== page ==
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Vision 2021 An investment in people

Article - August 21, 2013
Extraordinary improvements in almost every indicator of human welfare have made Bangladesh South Asia’s standard-bearer for development and hitting global targets
Bangladesh’s progress in achieving many of its Millennium Development Goals (MDGs) has been lauded as “remarkable” by the United Nations Development Programme (UNDP). Gains made in areas such as poverty reduction, primary school enrolment and maternal health “could be the foundation for an exceptional performance across all [MDG] indicators by 2015” and Bangladesh’s leading development academics and practitioners claim the country as a “poster-child in terms of MDG progress”. 
In a statement in May, UN Secretary-General Ban Ki-moon highlighted the country’s focus on health improvement, especially through partnerships: “I commend Bangladesh on its progress towards all the health MDGs, in particular on child mortality. I urge the International Centre for Diarrhoeal Disease Research, Bangladesh (icddr,b) and the Government of Bangladesh to continue their efforts, share lessons learned and continue to innovate and partner to find sustainable solutions to our most pressing global health challenges. Thank you for being leaders in global health.”
Bangladesh’s poverty rate has dropped from 56.6 per cent in 1992 to 31.5 per cent in 2010 (World Bank). Life expectancy at birth has risen from 61 years in 1993 to 69 in 2011. Also, the under-five mortality rate has been reduced to 46 per 1,000 live births in 2011 from 139 in 1990 (UNICEF). The maternal mortality ratio is on track to drop to 143 deaths per 100,000 live births by 2015, down from 574 in 1991.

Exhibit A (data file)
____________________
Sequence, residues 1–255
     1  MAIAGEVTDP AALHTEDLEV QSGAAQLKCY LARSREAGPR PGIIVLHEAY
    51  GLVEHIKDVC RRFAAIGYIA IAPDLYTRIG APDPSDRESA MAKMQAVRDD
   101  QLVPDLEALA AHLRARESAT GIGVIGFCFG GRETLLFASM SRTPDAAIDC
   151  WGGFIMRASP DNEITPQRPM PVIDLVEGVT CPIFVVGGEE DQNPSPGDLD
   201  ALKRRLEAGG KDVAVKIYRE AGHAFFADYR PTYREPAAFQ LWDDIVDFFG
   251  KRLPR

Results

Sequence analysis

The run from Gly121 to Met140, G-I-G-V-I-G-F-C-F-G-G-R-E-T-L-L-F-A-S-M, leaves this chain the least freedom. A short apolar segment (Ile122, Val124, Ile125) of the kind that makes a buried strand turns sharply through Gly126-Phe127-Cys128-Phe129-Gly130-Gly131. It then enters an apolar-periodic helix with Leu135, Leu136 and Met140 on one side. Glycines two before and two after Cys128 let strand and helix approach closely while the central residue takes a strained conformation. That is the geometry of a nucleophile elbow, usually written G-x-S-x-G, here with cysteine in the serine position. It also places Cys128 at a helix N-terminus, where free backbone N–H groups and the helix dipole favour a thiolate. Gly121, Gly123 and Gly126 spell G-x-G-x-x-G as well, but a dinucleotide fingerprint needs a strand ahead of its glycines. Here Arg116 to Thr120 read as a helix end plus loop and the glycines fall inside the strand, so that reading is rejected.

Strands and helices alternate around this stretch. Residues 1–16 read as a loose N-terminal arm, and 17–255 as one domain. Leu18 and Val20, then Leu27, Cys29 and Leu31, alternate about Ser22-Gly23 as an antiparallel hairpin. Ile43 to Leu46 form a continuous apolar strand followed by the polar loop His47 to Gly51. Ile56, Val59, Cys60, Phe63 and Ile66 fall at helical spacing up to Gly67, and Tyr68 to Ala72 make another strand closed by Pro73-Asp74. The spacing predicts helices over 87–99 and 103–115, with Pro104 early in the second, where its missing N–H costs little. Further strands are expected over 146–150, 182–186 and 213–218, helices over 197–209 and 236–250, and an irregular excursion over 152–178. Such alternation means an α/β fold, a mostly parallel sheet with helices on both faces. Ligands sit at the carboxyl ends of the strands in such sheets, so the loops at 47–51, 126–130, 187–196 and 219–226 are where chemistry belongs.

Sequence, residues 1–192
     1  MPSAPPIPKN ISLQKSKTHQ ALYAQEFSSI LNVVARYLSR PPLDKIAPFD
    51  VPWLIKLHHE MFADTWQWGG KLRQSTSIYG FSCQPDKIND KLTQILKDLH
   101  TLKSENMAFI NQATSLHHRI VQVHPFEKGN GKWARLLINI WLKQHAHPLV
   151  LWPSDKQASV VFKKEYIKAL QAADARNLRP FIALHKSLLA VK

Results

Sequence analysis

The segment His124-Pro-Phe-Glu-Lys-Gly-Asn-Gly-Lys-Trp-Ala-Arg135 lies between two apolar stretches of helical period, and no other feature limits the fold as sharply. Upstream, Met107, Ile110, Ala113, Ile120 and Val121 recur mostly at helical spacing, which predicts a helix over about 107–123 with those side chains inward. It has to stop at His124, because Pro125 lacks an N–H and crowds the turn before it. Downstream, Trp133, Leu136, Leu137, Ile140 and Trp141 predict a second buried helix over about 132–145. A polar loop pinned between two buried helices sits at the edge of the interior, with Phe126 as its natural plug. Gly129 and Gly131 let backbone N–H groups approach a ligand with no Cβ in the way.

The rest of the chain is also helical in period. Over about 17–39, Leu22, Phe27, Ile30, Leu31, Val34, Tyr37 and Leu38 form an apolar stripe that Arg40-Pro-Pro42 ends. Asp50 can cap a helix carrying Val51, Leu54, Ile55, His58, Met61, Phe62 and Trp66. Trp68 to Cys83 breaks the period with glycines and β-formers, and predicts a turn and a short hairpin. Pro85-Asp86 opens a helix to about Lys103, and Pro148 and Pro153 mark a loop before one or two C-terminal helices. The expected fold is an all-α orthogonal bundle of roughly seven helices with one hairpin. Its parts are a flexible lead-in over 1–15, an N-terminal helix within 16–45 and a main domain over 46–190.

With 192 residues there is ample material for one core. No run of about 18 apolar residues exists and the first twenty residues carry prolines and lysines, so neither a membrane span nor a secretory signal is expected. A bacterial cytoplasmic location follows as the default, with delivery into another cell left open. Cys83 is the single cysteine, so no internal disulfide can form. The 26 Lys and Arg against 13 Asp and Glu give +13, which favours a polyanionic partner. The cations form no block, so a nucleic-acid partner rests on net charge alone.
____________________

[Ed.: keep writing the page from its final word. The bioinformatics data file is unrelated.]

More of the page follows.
The Bangladeshi primary education system is widely regarded as one of the best among developing countries and the country has achieved almost universal gender parity in primary education. The country has also made strides in women’s empowerment and rights protection, from holding higher positions in the military, government and business world to greater attendance in the classroom. 

Dr Dipu Moni, Minister of Foreign Affairs, commends Prime Minister Sheikh Hasina for putting the right policies in place to give women rights and create greater opportunities for them, while also creating social safety net and cash transfer programmes for all people at risk. “Investing in education, especially girls’ education, has a sort of chain effect,” says Dr Moni. “Violence diminishes, the girl marries at a later age, and child and maternal mortality rates go down. It is a chain of events that happens through investment in girls and in education as a whole.”


16/09/2013  |  23:40
100% of 1

I was very happy to read that one of the most important reasons for the country's progress has been investment in education of health and education for women.